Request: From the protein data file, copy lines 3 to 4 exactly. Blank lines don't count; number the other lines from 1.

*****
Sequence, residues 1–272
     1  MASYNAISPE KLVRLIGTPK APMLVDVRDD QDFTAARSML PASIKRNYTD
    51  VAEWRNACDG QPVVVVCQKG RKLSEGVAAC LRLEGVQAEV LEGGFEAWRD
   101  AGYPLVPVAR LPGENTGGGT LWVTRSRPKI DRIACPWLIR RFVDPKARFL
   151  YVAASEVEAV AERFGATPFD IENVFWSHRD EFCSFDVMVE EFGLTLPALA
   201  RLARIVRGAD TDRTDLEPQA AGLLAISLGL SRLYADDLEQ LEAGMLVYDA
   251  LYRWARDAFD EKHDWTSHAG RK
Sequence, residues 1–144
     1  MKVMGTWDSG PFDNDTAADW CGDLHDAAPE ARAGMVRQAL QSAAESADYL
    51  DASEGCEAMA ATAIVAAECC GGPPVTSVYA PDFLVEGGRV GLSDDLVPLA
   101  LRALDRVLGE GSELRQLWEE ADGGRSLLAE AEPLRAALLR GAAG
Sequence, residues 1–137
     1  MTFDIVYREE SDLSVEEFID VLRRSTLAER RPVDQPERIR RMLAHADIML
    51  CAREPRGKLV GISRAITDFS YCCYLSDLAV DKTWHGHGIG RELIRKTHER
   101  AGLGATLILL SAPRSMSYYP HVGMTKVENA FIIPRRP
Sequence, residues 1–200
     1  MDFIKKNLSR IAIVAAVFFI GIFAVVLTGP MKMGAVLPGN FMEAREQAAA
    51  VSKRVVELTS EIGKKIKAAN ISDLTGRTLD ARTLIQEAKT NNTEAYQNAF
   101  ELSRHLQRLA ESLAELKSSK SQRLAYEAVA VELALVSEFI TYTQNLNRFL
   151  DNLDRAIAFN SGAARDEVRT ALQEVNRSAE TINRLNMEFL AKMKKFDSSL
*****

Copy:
    51  VAEWRNACDG QPVVVVCQKG RKLSEGVAAC LRLEGVQAEV LEGGFEAWRD
   101  AGYPLVPVAR LPGENTGGGT LWVTRSRPKI DRIACPWLIR RFVDPKARFL